GoPro Hero4 Session
Polaroid Cube maker files patent-infringement lawsuit against GoPro for copying its design on Hero4 Session GoPro

GoPro faces a patent-infringement lawsuit by the maker of Polaroid Cube camera for allegedly copying its design on Hero4 Session. The cube-shaped camera was unveiled earlier this year as a new model in the company's existing Hero series action cameras.

According to a report by the Wall Street Journal, C&A Marketing has filed the lawsuit against GoPro in US District Court in New Jersey. The company is seeking an order to halt sales of the Hero4 Session and all GoPro's profits from its sales in addition to some interest and attorney fees.

The GoPro Hero4 Session and Polaroid Cube share similar design language, with a round-edged cubical build and a similar round-button controller on top. However, the Hero4 Session is a bit larger in size than the Cube. "The ornamental design for a cubic action camera, as shown and described," the lawsuit reads, suggesting the same design of both the camera models. A GoPro spokesperson was not available for comment.

"We invested considerable resources in the design and development of a unique product with the Polaroid Cube. The product's design is much of what makes it distinct. It has rounded edges, a slightly recessed lens and a single button on top – all important design elements, all used as well by GoPro for its Hero4 Session," Chaim Pikarski, executive vice president, C&A Marketing, said in an emailed statement to IBTimes UK.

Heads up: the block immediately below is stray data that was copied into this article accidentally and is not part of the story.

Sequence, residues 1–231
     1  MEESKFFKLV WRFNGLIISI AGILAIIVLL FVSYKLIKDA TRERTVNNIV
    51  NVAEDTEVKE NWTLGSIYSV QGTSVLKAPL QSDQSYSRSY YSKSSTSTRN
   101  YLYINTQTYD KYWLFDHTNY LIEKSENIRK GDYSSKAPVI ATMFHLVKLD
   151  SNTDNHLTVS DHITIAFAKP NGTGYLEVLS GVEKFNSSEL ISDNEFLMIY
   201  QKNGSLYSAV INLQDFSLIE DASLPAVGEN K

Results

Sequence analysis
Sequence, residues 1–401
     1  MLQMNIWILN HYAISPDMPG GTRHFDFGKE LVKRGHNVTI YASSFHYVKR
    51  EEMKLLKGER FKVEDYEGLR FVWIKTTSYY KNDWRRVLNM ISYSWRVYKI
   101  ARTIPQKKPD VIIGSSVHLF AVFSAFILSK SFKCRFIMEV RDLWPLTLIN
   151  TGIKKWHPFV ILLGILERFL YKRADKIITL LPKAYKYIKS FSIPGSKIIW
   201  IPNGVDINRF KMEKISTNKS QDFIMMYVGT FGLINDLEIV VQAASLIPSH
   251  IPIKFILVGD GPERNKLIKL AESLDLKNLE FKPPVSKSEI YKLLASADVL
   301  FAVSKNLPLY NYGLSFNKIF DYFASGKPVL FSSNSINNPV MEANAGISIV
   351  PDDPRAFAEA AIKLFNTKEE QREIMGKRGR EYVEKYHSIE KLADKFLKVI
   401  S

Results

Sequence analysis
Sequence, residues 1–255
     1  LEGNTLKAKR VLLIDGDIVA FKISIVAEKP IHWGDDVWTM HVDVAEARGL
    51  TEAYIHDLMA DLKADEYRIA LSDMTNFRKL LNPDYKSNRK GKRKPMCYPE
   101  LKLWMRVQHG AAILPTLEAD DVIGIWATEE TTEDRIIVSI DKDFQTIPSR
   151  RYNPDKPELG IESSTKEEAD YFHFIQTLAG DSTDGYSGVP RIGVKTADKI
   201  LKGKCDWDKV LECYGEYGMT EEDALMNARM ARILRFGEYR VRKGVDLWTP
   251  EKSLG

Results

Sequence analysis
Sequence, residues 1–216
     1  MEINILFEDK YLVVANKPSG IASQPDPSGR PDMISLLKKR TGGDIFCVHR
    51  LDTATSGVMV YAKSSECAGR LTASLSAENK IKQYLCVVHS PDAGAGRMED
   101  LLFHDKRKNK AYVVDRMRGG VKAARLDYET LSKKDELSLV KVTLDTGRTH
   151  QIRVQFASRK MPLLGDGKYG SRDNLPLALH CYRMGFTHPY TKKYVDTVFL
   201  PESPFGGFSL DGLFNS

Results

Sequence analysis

Although the design is allegedly the same on both the action cameras, there are some differences on the hardware front. The Hero4 Session is capable of recording videos of up to 1440p, while the Cube has 1080p resolution. But Polaroid, apart from making things difficult through the lawsuit, has just unveiled Cube+ to take on Hero4 Session. The new camera has the same 1440p resolution and answers all the issues of its predecessor, with up to 128GB expandable storage support and a high-capacity battery.

The lawsuit comes less than a month after GoPro slashed the price of the Hero4 Session by 25% to $300. That made the Hero series camera a bit closer to last year's Cube that was available for $150.

CEO Nick Woodman had said at the camera launch that GoPro developed the Hero4 Session after researching for three years. But still, the camera model saw poor sales in the last quarter that even dragged down the company's recent quarterly results.